Section 7.6. Pipelining Explained

7.6. Pipelining Explained

When pipelining is enabled for inner code loops of your application (through the use of the PIPELINE pragma), the Impulse optimizer attempts to parallelize statements appearing within that loop with the goal of reducing the number of instruction cycles required to process the entire pipeline.

Pipelining is conceptually similar to a manufacturing assembly line, where the person at the first station of the assembly line can send a product to the next station for more assembly while he or she starts working on a second product. In this example, each station performs a portion of the overall assembly work. In a hardware pipeline, the body of a loop containing a sequence of operations is divided into stages that are analogous to the stations of the assembly line. Each stage performs a portion of the loop body. After the first stage has completed its portion of loop iteration i, the second stage begins its portion of iteration i, while the first stage starts processing iteration i+1 in parallel.

Pipelining reduces the number of cycles required to execute a loop by allowing the operations of one iteration to execute in parallel with operations of one or more subsequent iterations. Figure 7-2 illustrates a four-stage pipeline that is operating on three data packets (A, B, and C), each of which requires four clock cycles for the complete computation. By introducing a pipeline, the effective throughput rate of the process can be increased as shown. In this example it is assumed that each data packet requires two sequential operations (two pipeline stages) before proceeding to the next computation, resulting in an effective throughput rate of two cycles per data packet, which is an effective doubling of performance. Other pipelines may have greater or lesser performance gains, depending on the number of dependencies between different pipeline stages and other factors.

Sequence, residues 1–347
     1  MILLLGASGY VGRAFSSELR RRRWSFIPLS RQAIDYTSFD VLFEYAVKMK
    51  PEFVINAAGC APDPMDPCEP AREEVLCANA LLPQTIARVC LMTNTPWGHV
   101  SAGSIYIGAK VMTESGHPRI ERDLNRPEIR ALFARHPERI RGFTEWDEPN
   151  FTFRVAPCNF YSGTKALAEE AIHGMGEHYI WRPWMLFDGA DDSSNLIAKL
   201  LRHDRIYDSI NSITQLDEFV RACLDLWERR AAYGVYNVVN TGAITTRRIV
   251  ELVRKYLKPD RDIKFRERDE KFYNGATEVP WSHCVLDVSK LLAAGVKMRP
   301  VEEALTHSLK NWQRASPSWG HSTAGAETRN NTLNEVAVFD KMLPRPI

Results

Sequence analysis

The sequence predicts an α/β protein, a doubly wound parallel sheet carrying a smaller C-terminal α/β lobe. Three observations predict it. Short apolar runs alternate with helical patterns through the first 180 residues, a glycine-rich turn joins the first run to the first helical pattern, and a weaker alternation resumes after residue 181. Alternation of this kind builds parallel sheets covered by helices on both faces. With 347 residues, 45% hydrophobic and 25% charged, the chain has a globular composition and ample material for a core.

Figure 7-2. A four-stage pipeline with a throughput rate of two cycles.

For a more concrete example, consider the following loop:

 while (1) {   if (co_stream_read(istream,&data,sizeof(data)) != co_err_none)       break;   sum += data;   co_stream_write(ostream,&sum,sizeof(sum)); } 

Without pipelining, the body of this loop requires two cycles: the first cycle reads data from the input stream, and the second performs the addition and writes the result to the output stream. This example requires 200 cycles to process 100 inputs. Now, suppose that pipelining were used:

 while (1) { #pragma CO PIPELINE   if (co_stream_read(istream,&data,sizeof(data)) != co_err_none)       break;   sum += data;   co_stream_write(ostream,&sum,sizeof(sum)); } 

This example results in a pipeline with two stages. The first stage reads data from the input stream, and the second stage performs the addition and writes the result to the output stream, similar to before. In the pipelined version, however, after the first data value is read, stage one immediately starts reading the next input in parallel with the computation and output of the sum using the first input. This example now requires only 101 cycles to process 100 inputs, or about one cycle per iteration.

The number of cycles required to complete one iteration of the loop is equal to the number of stages in the pipeline and is usually called the latency of the pipeline. In this example the latency is two.

Pipeline Rate

In most cases it is not possible to perform all stages of a pipeline in parallel. This can occur, for example, if two stages read from the same memory, such as from a local array. As a result, the pipeline will not be able to complete an iteration of the loop every cycle. The pipeline rate is the number of cycles between the time an iteration begins execution and the time the next iteration is allowed to begin. (This is sometimes called the input rate or introduction rate.) For example, if the rate were two, the pipeline would require about two times the number of iterations to complete the loop.

The fastest rate at which a loop can execute depends on inter-iteration dependencies and the use of sequential resources such as memories and streams. A common cause of reduced pipeline rates is multiple loads/stores of the same array variable.

The rate of a pipeline that contains multiple loads/stores of a single multidimensional array can sometimes be improved by using multiple arrays. For example, an image stored as RGB values might be implemented in C as

 int8 img[16][3]; 

This array has three columns for the red, blue, and green components of each pixel. If img[i][0], img[i][1], and img[i][2] all appeared in the loop, the pipeline rate would be increased to permit three reads from the img array.

To improve performance, the image array might be repartitioned as follows:

 int8 red[16],green[16],blue[16]; 

The loop body now references red[i], green[i], and blue[i]. Because these are separate arrays, they can be read simultaneously, and the pipeline rate will be improved.

    Practical FPGA Programming in C
    Practical FPGA Programming in C
    ISBN: 0131543180
    EAN: 2147483647
    Year: 2005
    Pages: 208

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